Say Psych: Album Review: Juju – Maps and Territory

Gioele Valenti is set to release Maps & Territory, the new album of Juju, out on 29 May through Fuzz Club Records. The follow up to Our Mother Was A Plant from 2017, Maps & Territory reaffirms and at the same time transcends Juju’s unique formula. A blend of Neo-psychedelia and Mediterranean folk, new wave and African polyrhythms, the sound of Juju is now deconstructed, reassembled and expanded, even bordering jazz territories with the contribution avant-garde composer and improviser Amy Denio.

Like a marching crab that steadily climbs from the deepness of an abyss up into the moon-shine, Valenti emerged slowly and persistently from the semi-obscurity of experimental folk influenced Italian lo-fi scene, into the spotlight of contemporary psych nouveau. Starting in 2000 with his project Herself, he released seven albums, first aided by nationally prominent Italian band Verdena, then by Amaury Cambuzat of Ulan Bator and Faust. His most recent release as Herself, 2018’s Rigel Playground, inaugurated his collaboration with Donahue, who sang in the beautiful single ‘Beast of Love’ and invited him to support Mercury Rev’s Italian tour.

Valenti’s first and self-titled LP as Juju was released in 2016 via American label Sunrise Ocean Bender. By that time he was no fresher in the psych scene and in 2014 he had joined forces with Nicola Giunta, writing the lyrics for and co-producing the debut LP of Lay Llamas,  Østrø which was released on Rocket Recordings. The album very quickly became a classic in the Italian occult psych niche genre. The following year, Valenti supported Goat on tour all across Europe, playing with Lay Llamas and also as the guitarist for Josefin Öhrn And The Liberation before starting his collaboration with Fuzz Club in 2017. That same year, the band intrigued the crowds of Liverpool Festival Of Psychedelia, and in 2018 they were one of the highlights at Fuzz Club Eindhoven festival.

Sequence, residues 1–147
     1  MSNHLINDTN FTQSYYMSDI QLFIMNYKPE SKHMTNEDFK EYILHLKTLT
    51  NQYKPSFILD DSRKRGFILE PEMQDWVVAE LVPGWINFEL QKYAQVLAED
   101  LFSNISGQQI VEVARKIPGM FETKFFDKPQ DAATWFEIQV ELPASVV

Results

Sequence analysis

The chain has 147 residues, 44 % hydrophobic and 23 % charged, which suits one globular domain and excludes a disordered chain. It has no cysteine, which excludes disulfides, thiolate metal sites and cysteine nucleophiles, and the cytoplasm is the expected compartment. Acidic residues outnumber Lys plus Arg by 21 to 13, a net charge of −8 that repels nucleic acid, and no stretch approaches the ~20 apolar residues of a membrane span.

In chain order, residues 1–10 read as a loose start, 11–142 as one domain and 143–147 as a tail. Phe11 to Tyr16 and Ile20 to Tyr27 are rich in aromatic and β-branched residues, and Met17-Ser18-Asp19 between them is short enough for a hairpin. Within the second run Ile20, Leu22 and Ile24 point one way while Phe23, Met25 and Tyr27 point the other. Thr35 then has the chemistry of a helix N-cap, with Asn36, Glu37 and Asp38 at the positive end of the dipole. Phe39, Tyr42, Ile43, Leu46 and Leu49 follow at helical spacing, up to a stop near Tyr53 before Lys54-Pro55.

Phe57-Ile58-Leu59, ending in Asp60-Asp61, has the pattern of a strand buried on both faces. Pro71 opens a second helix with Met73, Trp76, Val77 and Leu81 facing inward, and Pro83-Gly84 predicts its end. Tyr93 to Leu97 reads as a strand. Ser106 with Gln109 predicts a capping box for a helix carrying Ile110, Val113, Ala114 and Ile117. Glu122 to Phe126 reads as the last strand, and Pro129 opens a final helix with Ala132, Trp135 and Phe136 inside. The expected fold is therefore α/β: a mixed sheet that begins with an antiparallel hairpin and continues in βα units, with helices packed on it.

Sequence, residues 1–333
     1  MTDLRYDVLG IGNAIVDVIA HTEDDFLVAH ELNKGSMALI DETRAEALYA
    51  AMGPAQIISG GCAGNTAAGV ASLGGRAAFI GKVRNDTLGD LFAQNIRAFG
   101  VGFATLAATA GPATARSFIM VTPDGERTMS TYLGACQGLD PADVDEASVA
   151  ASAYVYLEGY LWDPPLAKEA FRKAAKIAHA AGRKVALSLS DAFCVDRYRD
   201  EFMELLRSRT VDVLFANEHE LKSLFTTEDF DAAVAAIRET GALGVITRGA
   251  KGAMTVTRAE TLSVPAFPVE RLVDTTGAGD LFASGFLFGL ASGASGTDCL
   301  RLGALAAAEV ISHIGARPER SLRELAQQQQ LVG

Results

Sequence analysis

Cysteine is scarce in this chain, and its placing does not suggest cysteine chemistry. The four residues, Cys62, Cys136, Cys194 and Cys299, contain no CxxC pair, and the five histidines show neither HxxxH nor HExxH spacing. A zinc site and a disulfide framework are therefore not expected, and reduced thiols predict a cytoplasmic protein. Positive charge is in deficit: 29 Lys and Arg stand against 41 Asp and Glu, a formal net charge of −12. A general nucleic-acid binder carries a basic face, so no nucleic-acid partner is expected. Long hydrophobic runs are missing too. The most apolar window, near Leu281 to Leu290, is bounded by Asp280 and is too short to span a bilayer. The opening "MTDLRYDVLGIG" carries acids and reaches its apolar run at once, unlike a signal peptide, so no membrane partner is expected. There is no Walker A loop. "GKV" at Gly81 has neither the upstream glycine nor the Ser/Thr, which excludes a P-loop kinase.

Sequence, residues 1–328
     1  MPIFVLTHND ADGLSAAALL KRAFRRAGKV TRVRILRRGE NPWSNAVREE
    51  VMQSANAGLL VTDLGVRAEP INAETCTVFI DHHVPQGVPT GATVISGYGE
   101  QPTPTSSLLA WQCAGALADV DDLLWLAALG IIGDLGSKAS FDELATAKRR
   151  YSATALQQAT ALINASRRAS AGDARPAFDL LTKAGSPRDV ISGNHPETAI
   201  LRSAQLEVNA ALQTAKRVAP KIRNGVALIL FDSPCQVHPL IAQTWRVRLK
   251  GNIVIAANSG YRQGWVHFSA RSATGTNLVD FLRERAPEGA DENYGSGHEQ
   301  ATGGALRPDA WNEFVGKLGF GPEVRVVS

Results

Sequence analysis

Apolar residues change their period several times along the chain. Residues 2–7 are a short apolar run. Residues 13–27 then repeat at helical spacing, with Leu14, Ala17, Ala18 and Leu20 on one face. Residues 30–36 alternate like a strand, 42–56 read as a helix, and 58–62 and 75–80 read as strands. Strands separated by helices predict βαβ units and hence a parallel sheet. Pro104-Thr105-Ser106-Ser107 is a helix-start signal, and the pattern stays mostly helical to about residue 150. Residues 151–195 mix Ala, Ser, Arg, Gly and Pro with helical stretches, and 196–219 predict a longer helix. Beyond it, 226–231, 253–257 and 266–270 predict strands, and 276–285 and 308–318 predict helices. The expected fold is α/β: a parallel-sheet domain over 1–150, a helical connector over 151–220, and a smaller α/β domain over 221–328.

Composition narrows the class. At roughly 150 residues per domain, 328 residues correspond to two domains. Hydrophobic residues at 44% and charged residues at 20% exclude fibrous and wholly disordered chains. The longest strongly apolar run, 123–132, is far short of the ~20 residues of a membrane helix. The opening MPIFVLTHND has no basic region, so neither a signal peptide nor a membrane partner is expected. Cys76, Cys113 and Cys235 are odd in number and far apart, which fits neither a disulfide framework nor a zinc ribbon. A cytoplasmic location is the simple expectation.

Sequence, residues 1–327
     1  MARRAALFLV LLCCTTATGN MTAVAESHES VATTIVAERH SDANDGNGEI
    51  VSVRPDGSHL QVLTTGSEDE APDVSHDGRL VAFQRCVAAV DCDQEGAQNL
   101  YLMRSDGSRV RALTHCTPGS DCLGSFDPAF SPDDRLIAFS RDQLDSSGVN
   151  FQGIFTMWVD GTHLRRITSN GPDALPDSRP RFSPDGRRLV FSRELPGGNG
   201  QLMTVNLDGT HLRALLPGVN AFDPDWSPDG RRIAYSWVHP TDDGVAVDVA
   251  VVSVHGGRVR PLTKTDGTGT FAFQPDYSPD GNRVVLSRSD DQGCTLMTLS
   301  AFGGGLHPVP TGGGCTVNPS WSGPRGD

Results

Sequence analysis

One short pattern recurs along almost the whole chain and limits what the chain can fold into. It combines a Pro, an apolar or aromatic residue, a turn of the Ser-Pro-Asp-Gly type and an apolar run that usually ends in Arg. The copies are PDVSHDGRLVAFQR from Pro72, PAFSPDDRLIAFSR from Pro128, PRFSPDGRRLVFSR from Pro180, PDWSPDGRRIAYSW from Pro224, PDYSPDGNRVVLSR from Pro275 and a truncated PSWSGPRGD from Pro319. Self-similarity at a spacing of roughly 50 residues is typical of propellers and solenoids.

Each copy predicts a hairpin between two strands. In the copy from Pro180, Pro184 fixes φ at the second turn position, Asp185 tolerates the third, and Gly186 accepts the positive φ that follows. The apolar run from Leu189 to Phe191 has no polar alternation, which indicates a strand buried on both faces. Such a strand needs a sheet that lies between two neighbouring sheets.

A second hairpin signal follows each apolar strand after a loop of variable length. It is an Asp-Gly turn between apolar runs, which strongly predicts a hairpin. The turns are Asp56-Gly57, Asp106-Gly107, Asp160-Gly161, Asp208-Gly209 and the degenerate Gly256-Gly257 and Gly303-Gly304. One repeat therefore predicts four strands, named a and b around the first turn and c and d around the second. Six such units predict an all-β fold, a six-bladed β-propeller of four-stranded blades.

Juju’s debut LP drew inspiration from earth magic and Mediterranean neo-paganism as a pretext to tell the story of the current African exodus. The follow up was a lysergic and pantheistic tribute to the archaic and Man’s metaphorical descendance from plants: a clear allusion to common source of humanity and to the equality of all men, reflected in the symbolic cover photo of the black motorcycle gang, A Chosen Few. The new album, coming out in a time of Trump’s America, Brexit Britain, disobedient Italy, walled Hungary and French Gilets Jaunes, reflects on the ever expanding and contracting reality of the territory, against its physical and ideological representation on the map.

Opener ‘Master and Servants’ is a jam compiled between a Tuareg tribe and kraut rock influence ensemble, with the result being a hearty piece with bite that traverses the world psychedelia genre and more classical rock influences effortlessly. It’s a track that evolves as it progresses, offering more twists than a sidewinder, keeping the listener guessing and takes a few listens to truly appreciate. First single ‘I’m In Trance’ features Goatman himself and features the characteristic percussion that has become synonymous with his name. It’s a spine-tingling entity due to a chant like energy that exudes and from the first beat it captivates, keeping firm hold throughout. Other highlights include ‘God Is A Rover’ with its foot tapping rhythm and ‘Archontes Take Control’ which offers up Ethopian jazz, smashed together with psych and bits of electronica.

Having been a fan of Juju for some time, I was eager for the next album and curious as to how it would sound, one thing is for sure, it doesn’t disappoint, he’s produced another album that can go up there with the best psychedelia has to offer.

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